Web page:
Honesty, Integrity and Longevity: 

I think of what I do as a profession.  Becoming a State Certified General Real Estate Appraiser and an SRA designation from the Appraisal Institute is very rigorous and with the required Uniform Standards of Professional Appraisal Practice (USPAP) and the Appraisal Institute's Standards of Professional Appraisal Practice, it is unquestionable that real estate appraisal is a profession rather than a trade. As with any profession we are bound by ethical considerations.

Appraisers have a lot of responsibilities but above everything we answer to our clients. Typically, for most residential appraisals done for banks or lenders, the appraiser's client is the lender who orders the appraisal, not the borrower who actually pays for the appraisal. Appraisers have rules and regulations they must follow, including keeping many matters private for their clients; therefore, if you are a borrower and desire a copy of an appraisal report done by an appraiser for the lender, you should request it from your lender. Other obligations also include, numerical accuracy depending on the assignment's nature, reaching and keeping an adequate level of competency and education, and the appraiser must conduct him or herself as a professional. 

Butler & Faircloth Real Estate, Inc. provides honest and ethical appraisals for Sampson County

Frank F. Butler, SRA, Certified General Real Estate Appraiser, A382, has worked hard for its track record for performing appraisals with the highest degree of ethics. Contact us today to learn more.

There are some scenarios in which appraisers will have fiduciary responsibilities to third parties, including homeowners, sellers and buyers, or others. Those third parties normally are listed in the scope of the appraisal assignment itself. An appraiser's fiduciary responsibility is limited to those third parties who the appraiser knows, based on the scope of work or other things in the framework of the assignment.

Appraisers also have duties outside our clients. For example, appraisers must maintain their work files and report for at least five years which we adhere to.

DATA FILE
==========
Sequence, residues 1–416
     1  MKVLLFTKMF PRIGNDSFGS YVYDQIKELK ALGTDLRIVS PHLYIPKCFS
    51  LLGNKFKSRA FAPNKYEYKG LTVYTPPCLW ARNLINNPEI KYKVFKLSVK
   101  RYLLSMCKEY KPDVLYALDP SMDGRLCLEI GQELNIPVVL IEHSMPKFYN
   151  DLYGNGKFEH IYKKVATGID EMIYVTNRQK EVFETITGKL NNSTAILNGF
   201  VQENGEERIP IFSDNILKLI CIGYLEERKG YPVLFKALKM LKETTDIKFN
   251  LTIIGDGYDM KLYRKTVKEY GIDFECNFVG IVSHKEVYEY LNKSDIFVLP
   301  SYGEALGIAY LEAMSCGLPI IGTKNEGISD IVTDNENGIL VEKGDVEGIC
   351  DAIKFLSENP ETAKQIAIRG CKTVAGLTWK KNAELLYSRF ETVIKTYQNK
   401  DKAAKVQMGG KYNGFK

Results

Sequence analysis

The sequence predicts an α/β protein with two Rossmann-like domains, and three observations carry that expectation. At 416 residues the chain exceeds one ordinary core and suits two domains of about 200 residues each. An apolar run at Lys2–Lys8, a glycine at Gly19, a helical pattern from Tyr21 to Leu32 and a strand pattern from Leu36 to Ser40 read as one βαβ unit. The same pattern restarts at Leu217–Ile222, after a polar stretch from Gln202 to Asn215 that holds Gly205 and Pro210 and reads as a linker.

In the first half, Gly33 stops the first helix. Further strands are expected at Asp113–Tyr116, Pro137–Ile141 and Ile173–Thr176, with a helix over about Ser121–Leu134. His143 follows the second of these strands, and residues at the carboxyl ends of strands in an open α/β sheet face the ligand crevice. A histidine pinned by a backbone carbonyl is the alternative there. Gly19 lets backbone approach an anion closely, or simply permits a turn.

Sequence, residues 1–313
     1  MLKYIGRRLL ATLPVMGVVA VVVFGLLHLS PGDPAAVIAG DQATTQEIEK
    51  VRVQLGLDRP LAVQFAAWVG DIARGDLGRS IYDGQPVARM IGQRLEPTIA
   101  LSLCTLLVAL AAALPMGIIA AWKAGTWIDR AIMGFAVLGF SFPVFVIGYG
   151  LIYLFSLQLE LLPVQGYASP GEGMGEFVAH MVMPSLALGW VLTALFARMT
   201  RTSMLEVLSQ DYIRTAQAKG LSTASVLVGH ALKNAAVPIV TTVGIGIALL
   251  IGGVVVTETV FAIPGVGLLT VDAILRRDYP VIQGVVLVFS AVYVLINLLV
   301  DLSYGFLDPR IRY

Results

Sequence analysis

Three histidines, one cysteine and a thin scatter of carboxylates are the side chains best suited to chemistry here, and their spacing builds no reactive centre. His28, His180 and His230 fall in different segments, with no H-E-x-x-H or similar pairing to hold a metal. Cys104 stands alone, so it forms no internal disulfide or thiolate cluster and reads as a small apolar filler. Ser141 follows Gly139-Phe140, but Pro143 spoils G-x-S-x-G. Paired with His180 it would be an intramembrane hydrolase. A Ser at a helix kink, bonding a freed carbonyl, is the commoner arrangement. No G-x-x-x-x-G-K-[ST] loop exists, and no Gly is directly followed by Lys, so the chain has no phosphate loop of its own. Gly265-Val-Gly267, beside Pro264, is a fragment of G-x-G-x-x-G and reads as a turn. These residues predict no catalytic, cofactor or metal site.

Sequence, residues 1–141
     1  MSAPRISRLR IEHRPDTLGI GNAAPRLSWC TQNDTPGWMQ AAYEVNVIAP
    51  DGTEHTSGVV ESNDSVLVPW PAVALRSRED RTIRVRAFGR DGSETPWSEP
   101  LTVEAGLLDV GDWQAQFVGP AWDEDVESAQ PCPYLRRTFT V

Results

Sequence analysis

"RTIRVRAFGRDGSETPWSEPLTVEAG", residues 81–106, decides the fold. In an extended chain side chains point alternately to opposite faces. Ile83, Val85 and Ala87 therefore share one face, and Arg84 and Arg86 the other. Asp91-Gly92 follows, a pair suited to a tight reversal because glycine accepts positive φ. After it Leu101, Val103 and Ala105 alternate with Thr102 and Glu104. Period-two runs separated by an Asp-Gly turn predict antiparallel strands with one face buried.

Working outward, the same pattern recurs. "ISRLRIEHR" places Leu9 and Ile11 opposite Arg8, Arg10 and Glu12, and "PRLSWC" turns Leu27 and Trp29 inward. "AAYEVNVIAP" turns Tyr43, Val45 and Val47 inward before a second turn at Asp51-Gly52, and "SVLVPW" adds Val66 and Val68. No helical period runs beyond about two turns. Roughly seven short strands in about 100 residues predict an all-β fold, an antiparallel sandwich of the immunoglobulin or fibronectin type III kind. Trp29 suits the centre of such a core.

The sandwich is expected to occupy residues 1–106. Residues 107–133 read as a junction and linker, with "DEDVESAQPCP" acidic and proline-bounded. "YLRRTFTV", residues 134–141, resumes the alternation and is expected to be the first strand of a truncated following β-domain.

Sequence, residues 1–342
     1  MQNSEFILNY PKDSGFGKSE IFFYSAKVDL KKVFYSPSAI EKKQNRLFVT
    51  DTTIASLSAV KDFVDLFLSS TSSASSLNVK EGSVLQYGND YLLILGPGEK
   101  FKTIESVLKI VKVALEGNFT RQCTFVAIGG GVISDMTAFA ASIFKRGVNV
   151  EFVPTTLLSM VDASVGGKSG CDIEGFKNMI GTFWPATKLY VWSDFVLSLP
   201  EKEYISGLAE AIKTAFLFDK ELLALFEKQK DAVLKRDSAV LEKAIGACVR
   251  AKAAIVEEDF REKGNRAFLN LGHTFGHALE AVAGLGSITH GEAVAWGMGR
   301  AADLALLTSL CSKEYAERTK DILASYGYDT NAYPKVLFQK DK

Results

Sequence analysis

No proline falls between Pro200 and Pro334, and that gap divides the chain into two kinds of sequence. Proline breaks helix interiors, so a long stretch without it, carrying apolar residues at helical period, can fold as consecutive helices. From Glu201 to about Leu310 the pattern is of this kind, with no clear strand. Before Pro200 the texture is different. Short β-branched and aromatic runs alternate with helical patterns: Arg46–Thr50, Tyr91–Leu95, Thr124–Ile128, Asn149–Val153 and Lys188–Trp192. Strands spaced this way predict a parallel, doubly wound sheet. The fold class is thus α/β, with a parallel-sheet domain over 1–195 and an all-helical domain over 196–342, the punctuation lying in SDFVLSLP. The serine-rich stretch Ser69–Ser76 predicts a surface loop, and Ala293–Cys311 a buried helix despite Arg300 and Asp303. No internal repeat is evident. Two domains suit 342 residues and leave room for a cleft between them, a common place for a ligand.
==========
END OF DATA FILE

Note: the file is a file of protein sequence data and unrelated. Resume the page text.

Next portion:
For over 43 years I have strived to hold myself to the industry standards and mandates set in place for professional behavior. I cannot accept anything less from ourselves. Accepting appraisal assignments on contingency fees is never an option. That is, we can't agree to do an appraisal and get paid only if the loan closes. Furthermore, we can't do assignments based on a percentage of the value. That is probably the appraisal industries biggest no-no, because it would tend to make appraisers raise the value of homes or properties to increase their paycheck. We set ourselves to a higher standard. Other unethical practices may be defined by state law or professional organizations such as the Appraisal Institute of which I am a member. 

The Uniform Standards of Professional Appraisal Practice (USPAP) also states unethical behavior as: accepting an assignment that is contingent on "the reporting of a predetermined result (e.g., opinion of value);" "a direction in assignment results that favors the cause of the client;" "the amount of a value opinion;" as well as other situations.  I diligently follow these rules to the letter which means you can be assured I am doing everything I can to provide an unbiased opinion of value of the property being appraised.